Given the importance of competence mobilization, experts emphasize that it is critical for employers to identify and address the reasons that some employees aren’t reaching their full potential.7 An employee’s untapped potential can be mobilized through workforce development efforts that offer relevant opportunities, tasks, and challenges.5 Economic and performance-related benefits, including a higher absolute wage, medical benefits, and paid leave and flextime, can also increase motivation and make employees feel their contributions are valued.8
Strategies for Fostering Engagement & Commitment
There are a number of ways employers can foster employee engagement and organizational commitment. According to the Society for Human Resource Management, successful strategies include:
- Increasing employees’ emotional commitment to the organization and their job,
- Implementing policies that promote work-life balance,
- Developing a positive workplace culture,
- Exercising effective communication,
- Promoting positive manager-employee relations, and
- Reducing barriers to engagement.1
Table 1 lists specific strategies that can help organizations address the needs of employees with the goal of engagement in mind. Employers must understand the needs of their employees and apply engagement strategies that are specific to their organizations.1
Table 1 Strategies for Increasing Employee Engagment
Source: Adapted from Lockwood (2007).1
Leadership expert Mark Murphy also emphasizes the importance of understanding what he calls the “shoves and tugs” an employee experiences in the workplace.7 Some situations “shove” employees toward the door – they demotivate workers, drain their energy, stop them from putting forth maximum effort, and make them want to quit. Other situations “tug” at them to stay by promoting growth and happiness, boosting motivation and fulfillment, and ultimately making employees want to give their all and keep coming back every day.
Even if employees have many “tugs” keeping them connected to their workplace, a handful of “shoves” can make a difference in their engagement and commitment, potentially pushing them out the door.
To maximize retention, employers must discover and respond to the factors pushing valuable employees to consider leaving, while also building on the factors that tug at them to stay. If the tugs add to employees’ intrinsic motivation and self-efficacy, they will also help improve engagement and commitment.7
Accountability for work performance is also important to motivation and engagement. When an employee with poor performance is not held accountable, high-performing workers may feel a lack of recognition, as well as frustration at having to compensate for others’ shortcomings.7 This can lead to lower levels of employee engagement and commitment. In one survey, 87% of high- and middle-performing employees admitted they sometimes wanted to change jobs because of their low-performing colleagues.7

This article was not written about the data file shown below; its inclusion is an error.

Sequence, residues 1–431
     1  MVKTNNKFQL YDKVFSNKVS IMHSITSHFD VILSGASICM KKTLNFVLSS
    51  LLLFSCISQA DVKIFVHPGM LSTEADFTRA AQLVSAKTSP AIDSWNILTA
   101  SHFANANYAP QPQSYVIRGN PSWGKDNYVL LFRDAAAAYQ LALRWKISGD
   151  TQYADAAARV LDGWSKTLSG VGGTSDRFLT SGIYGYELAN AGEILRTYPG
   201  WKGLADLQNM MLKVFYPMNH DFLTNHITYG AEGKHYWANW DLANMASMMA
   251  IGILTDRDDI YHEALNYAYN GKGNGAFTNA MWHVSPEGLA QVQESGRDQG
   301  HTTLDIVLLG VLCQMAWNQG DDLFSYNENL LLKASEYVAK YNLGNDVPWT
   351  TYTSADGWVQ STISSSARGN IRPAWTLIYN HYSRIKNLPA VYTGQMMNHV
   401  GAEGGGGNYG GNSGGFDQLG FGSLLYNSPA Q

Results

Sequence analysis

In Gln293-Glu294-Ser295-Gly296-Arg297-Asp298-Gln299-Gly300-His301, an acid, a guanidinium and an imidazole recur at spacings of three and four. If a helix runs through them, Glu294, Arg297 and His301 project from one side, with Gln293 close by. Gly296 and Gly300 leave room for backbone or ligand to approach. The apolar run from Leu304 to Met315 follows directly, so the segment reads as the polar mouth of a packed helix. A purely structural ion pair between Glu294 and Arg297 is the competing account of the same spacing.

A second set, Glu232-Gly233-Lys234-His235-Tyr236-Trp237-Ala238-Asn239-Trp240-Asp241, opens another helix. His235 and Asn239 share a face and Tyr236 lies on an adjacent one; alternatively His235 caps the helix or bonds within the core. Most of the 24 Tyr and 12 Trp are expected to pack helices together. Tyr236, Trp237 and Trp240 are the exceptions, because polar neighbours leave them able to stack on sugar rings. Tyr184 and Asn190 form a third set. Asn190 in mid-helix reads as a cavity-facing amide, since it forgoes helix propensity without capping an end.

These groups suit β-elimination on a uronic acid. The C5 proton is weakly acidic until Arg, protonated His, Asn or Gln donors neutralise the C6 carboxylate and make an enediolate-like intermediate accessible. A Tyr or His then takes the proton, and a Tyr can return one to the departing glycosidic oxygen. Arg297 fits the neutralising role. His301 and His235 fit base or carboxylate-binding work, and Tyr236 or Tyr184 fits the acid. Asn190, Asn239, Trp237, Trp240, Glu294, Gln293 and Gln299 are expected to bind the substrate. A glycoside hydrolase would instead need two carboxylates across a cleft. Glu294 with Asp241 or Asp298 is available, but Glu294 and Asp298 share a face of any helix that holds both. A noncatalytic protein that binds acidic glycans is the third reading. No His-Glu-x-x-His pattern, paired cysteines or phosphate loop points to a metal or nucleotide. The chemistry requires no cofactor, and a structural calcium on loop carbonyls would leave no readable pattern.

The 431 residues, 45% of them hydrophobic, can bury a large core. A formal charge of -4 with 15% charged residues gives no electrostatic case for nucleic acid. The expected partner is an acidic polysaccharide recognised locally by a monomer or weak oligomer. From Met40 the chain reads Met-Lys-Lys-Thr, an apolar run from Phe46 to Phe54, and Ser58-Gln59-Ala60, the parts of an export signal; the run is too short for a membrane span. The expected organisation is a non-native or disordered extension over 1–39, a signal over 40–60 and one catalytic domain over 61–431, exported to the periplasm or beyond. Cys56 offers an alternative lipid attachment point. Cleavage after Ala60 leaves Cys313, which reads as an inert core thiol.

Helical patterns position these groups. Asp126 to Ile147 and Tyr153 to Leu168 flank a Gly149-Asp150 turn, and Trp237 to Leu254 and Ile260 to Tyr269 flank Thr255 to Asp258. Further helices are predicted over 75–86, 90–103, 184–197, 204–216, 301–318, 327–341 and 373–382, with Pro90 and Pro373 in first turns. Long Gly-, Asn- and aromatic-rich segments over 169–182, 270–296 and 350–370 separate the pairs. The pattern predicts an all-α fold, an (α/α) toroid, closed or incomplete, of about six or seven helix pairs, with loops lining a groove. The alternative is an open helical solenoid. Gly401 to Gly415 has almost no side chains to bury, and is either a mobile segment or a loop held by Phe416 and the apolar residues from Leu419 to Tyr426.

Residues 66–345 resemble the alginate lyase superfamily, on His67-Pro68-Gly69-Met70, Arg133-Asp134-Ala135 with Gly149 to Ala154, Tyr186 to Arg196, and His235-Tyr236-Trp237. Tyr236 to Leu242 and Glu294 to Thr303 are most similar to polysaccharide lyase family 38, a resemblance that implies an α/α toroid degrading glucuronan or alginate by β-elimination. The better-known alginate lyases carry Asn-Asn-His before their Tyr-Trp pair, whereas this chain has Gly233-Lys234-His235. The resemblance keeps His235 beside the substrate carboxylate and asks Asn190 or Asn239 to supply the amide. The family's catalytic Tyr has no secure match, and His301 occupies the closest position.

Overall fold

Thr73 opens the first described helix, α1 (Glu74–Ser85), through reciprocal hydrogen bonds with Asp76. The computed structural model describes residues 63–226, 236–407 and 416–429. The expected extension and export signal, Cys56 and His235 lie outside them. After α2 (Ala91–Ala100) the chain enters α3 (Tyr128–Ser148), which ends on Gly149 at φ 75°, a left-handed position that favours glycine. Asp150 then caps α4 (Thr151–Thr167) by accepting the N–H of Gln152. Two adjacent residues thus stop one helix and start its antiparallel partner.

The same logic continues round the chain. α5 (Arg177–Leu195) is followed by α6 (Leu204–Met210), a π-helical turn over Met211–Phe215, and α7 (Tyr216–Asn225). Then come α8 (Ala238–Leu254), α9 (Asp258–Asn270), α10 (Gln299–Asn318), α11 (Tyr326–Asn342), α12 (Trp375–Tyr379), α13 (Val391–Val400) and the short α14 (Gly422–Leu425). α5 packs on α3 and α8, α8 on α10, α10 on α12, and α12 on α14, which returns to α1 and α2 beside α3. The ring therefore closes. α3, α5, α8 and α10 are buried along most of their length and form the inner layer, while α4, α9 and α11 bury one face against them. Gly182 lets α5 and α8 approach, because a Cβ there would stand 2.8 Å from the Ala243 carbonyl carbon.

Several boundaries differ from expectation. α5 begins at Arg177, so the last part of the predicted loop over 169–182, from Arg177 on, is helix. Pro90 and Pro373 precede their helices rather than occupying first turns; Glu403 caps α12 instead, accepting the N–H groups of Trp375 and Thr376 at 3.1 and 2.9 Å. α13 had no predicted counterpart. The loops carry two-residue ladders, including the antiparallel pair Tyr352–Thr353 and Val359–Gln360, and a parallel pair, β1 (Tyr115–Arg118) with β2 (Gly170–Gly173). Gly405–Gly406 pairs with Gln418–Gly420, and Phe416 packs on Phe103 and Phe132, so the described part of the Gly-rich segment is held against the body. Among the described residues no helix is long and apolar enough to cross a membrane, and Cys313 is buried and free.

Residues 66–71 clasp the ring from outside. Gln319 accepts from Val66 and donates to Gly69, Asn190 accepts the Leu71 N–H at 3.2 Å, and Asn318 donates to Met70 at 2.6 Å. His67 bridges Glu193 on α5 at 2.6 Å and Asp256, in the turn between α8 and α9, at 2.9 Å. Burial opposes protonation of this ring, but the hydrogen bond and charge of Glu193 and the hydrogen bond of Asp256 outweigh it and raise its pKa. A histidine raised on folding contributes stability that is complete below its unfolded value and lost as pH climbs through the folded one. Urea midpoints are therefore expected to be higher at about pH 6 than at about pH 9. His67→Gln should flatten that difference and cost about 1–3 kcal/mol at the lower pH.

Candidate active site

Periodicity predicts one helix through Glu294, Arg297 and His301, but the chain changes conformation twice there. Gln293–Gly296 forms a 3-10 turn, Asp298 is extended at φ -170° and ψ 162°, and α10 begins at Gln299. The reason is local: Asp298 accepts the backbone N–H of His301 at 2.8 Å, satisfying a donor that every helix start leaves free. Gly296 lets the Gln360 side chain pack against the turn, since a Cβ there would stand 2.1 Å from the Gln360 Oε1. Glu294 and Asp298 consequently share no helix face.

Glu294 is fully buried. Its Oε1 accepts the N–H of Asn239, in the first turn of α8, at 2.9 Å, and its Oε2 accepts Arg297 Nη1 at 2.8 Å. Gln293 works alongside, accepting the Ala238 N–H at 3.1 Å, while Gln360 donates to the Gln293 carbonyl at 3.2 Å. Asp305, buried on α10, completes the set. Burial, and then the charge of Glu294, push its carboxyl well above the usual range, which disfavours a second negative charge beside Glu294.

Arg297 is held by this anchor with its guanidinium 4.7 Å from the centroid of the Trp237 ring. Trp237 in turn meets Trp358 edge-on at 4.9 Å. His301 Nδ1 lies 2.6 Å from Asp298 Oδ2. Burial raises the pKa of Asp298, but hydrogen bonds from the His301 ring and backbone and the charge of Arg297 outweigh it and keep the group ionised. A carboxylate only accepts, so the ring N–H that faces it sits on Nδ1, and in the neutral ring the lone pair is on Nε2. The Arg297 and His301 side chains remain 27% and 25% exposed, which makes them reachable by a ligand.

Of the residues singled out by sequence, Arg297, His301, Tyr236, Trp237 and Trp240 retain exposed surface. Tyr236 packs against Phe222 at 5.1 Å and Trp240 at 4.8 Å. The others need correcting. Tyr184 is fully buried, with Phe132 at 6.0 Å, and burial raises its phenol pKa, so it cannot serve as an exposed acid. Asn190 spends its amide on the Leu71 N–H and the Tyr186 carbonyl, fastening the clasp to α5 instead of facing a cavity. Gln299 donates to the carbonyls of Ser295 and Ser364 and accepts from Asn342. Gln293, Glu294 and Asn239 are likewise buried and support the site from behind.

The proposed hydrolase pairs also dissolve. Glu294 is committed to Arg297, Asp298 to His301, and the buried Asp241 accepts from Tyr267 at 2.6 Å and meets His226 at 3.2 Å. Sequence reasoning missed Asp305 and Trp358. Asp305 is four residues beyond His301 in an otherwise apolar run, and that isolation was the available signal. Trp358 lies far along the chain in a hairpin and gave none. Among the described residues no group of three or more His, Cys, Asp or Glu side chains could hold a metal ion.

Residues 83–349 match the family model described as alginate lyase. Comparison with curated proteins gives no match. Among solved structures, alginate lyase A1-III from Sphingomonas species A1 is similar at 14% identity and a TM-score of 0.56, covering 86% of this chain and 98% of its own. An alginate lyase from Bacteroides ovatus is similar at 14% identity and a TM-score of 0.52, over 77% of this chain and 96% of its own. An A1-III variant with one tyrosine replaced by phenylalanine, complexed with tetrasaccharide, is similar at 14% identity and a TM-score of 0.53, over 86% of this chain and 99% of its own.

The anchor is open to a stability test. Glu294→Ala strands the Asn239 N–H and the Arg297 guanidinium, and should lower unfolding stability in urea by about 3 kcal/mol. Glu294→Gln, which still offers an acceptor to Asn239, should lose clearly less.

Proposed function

Text Box 2. Communities of Practice as a Tool for Increasing Engagement
Lessons for Businesses
In order for businesses in Rhode Island to succeed, they should pay close attention to employee engagement and commitment. By increasing opportunities for competence mobilization in the workplace, companies can foster employee feelings of value, self-efficacy, and intrinsic motivation. Collaborative projects, team-building social activities, and other strategies can help increase organizational commitment and self-efficacy. Extrinsic motivators such as flextime, higher base salaries, medical benefits, and paid leave also play a role in increasing motivation and engagement.
An important first step is for companies to evaluate the level of engagement and commitment among their employees and identify and address barriers to engagement. Effective communication and a positive workplace culture make it easier to bring issues to the surface, while also fostering a positive work experience for employees.
Each company should create an employee engagement strategy tailored to the needs of its workers and its organization. With an effective approach in place, companies can produce better business outcomes as well as happier employees.
1. Lockwood, Nancy R. (2007) “Leveraging employee engagement for competitive advantage: HR’s strategic role,” SHRM Research Quarterly, 1: 1-11.
2. Adkins, Amy (2015) “U.S. employee engagement holds steady at 31.7%,” Gallup Poll Briefing, May 7.
3. Galagan, P. (2015) “Employee engagement: An epic failure?” TD: Talent Development, 69(3): 24-27.
4. Rich, Bruce Louis, Jeffrey A. Lepine & Eean R. Crawford (2010) “Job engagement: Antecedents and effects on job performance,” Academy of Management Journal, 53(3): 617-635.
5. Lai, Linda (2011) “Employees' perceptions of the opportunities to utilize their competences: Exploring the role of perceived competence mobilization,” International Journal Of Training & Development, 15(2): 140-157.
6. Bandura, A. (1993) “Perceived self-efficacy in cognitive development and functioning,” Educational Psychologist, 28(2): 117.
7. Murphy, Mark (2013) “Job performance not a predictor of employee engagement: New analysis linking engagement scores with appraisal scores shows low performers more engaged than high and middle performers,” New York: LeadershipIQ.
8. Campione, W. (2015). “Corporate Offerings: Why Aren’t Millennials Staying?” Journal of Applied Business and Economics, 17(4): 60-75.
9. Restivo, Alaina (2016) Personal communication, October 5.
10. Lave, J. & E. Wenger (1991) Learning: Legitimate Peripheral Participation, Cambridge, UK: Cambridge University Press. Wenger, E., R. McDermott & W.M. Snyder (2002) Cultivating communities of practice, Boston, MA: Harvard Business School Press. E. Wenger (1998) Communities of Practice: Learning, Meaning and Identity, Cambridge, UK: Cambridge University Press.
11. Yamnill, S. & G.N. McLean (2001) “Theories supporting transfer of training,” Human Resource Development Quarterly, 12(2): 195-208.
12. Allen, B. & D. Lewis (2006) “Virtual learning communities as a vehicle for workforce development: A case study,” The Journal of Workplace Learning, 18(6): 367-383.
Type of Research
- Responds to questions of Policy Leaders with research projects that closely align with state priorities
- Provides implications for challenging state issues